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WHAT YOU NEED TO KNOW:
Cellulitis is a skin infection caused by bacteria.
Seek care immediately if:
- Your wound gets larger and more painful.
- You have a fever.
- You have a thin, gray-brown discharge coming from your infected skin area.
- You feel a crackling under your skin when you touch it.
- You have purple dots or bumps on your skin, or you see bleeding under your skin.
- You have new swelling and pain in your legs.
- You have sudden trouble breathing or chest pain.
- The red, warm, swollen area gets larger.
- You see red streaks coming from the infected area.
- You feel weak and dizzy.
Contact your healthcare provider if:
- Your fever or pain does not go away or gets worse.
- Your wound does not get smaller after 2 days of antibiotics.
- Your skin is flaking or peeling off.
- You have questions or concerns about your condition or care.
- Medicines help treat the bacterial infection or decrease pain.
- Take your medicine as directed. Call your healthcare provider if you think your medicine is not helping or if you have side effects. Tell him if you are allergic to any medicine. Keep a list of the medicines, vitamins, and herbs you take. Include the amounts, and when and why you take them. Bring the list or the pill bottles to follow-up visits. Carry your medicine list with you in case of an emergency.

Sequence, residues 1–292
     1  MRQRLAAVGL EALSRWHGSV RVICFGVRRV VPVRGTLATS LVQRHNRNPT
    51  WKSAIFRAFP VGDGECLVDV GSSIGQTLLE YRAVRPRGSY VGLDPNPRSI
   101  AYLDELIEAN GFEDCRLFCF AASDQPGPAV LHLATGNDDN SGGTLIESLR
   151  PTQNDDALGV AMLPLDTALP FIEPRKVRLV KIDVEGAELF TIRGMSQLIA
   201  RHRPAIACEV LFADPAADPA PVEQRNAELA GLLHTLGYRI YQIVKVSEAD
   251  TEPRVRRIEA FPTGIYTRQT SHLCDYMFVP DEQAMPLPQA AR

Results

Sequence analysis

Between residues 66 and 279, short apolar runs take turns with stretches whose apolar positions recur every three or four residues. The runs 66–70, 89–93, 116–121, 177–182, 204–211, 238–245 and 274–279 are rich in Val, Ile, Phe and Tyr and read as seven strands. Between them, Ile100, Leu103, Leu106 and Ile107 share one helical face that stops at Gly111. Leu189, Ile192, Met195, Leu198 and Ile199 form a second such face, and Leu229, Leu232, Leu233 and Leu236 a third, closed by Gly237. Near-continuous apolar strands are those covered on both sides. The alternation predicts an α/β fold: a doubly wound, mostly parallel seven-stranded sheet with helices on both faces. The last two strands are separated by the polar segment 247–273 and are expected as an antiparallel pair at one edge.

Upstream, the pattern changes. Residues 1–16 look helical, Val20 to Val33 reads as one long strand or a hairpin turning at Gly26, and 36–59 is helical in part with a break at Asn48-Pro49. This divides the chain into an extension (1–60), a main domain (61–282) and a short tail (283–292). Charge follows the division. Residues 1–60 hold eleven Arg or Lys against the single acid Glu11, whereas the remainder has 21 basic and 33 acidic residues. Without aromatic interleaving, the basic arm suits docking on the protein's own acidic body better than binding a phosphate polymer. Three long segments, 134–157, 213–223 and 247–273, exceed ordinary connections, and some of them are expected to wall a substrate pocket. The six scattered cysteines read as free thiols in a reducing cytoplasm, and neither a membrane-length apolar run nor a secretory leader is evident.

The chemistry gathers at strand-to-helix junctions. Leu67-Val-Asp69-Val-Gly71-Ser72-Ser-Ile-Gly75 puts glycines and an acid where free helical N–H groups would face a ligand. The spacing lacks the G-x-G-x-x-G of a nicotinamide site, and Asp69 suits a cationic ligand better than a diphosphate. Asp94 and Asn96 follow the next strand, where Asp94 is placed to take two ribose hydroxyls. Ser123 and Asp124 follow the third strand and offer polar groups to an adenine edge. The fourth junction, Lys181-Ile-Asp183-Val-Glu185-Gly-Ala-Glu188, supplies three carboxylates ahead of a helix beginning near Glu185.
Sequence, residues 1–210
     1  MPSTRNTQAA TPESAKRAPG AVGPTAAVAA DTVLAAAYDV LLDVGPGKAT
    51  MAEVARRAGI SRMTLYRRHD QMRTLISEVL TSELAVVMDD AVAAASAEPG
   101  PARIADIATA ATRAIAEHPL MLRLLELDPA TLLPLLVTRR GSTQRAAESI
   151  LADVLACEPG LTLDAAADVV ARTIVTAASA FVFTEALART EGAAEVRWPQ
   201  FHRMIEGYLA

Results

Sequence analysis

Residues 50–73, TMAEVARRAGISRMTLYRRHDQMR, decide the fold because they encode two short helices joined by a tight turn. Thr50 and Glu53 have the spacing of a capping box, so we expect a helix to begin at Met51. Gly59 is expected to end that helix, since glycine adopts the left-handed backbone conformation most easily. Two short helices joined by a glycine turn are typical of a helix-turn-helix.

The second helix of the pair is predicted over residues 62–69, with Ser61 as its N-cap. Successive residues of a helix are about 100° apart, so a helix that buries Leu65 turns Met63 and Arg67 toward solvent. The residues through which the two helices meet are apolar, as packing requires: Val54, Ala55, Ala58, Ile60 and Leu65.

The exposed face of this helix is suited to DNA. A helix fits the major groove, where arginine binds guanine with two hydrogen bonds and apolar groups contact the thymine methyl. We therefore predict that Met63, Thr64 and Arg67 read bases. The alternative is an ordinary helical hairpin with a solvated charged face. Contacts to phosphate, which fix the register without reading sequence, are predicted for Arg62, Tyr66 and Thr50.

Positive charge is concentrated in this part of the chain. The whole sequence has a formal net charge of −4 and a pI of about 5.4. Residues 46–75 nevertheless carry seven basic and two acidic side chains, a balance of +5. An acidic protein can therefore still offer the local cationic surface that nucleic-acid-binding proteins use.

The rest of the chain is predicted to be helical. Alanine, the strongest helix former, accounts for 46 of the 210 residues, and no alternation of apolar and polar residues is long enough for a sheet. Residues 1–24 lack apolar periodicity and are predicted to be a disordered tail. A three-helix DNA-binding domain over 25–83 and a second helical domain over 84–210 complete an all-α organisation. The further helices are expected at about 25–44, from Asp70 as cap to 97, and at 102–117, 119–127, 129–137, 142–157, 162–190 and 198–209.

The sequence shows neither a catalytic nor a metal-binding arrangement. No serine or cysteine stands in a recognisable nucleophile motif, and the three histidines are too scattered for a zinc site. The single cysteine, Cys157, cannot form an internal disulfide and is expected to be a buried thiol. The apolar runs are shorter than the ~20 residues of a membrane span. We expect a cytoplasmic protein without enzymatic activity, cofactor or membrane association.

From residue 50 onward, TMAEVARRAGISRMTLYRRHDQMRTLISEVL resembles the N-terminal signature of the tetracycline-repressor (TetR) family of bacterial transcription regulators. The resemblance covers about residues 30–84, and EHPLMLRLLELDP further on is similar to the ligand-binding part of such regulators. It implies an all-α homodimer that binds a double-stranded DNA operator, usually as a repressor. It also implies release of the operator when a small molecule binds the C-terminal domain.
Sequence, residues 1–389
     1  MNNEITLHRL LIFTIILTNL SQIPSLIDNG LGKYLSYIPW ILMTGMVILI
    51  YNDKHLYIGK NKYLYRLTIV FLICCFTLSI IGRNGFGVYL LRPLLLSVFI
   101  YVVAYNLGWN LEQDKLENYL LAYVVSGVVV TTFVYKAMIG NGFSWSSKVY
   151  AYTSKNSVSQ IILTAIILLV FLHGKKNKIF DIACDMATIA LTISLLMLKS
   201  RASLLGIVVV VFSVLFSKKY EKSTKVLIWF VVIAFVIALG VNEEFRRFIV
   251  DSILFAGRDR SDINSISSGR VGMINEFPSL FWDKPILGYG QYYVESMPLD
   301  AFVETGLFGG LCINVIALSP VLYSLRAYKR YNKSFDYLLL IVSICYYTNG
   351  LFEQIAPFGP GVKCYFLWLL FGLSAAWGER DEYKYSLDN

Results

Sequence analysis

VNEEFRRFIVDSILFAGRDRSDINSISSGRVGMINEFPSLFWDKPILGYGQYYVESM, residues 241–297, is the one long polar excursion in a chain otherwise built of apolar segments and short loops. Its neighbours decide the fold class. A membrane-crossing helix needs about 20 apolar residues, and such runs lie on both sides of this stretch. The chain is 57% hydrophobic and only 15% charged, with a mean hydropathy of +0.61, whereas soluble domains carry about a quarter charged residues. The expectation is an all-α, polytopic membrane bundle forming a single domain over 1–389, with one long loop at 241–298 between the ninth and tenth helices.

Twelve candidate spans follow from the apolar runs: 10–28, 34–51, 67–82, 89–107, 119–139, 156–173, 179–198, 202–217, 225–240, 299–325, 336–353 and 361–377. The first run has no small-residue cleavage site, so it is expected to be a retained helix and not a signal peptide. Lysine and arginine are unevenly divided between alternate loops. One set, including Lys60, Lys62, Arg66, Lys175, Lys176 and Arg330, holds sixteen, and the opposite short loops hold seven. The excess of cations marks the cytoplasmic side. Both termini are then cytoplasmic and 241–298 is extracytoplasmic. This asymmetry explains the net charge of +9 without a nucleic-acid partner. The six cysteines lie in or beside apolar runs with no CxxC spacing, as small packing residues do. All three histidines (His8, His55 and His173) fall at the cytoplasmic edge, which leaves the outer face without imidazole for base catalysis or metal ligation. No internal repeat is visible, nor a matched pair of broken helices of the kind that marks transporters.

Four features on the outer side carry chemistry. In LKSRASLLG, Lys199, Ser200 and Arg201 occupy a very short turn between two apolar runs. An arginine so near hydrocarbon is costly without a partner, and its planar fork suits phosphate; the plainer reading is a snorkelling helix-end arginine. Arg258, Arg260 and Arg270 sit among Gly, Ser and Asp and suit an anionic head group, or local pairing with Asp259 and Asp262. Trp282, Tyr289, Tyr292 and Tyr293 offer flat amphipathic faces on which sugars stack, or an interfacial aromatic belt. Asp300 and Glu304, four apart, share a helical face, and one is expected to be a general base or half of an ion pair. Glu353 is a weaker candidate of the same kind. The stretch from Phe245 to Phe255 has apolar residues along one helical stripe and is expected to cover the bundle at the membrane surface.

- Elevate your wound above the level of your heart as often as you can. This will help decrease swelling and pain. Prop your wound on pillows or blankets to keep it elevated comfortably.
- Clean your wound as directed. You may need to wash the wound with soap and water. Look for signs of infection.
- Do not share personal items, such as towels, clothing, and razors.
- Clean exercise equipment with germ-killing cleaner before and after you use it.
- Wash your hands often. Use soap and water. Wash your hands after you use the bathroom, change a child's diapers, or sneeze. Wash your hands before you prepare or eat food. Use lotion to prevent dry, cracked skin.
- Wear pressure stockings as directed. The stockings are tight and put pressure on your legs. This improves blood flow and decreases swelling.
- Treat athlete's foot. This can help prevent a bacterial skin infection.
Follow up with your healthcare provider as directed:
Write down your questions so you remember to ask them during your visits.
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The above information is an educational aid only. It is not intended as medical advice for individual conditions or treatments. Talk to your doctor, nurse or pharmacist before following any medical regimen to see if it is safe and effective for you.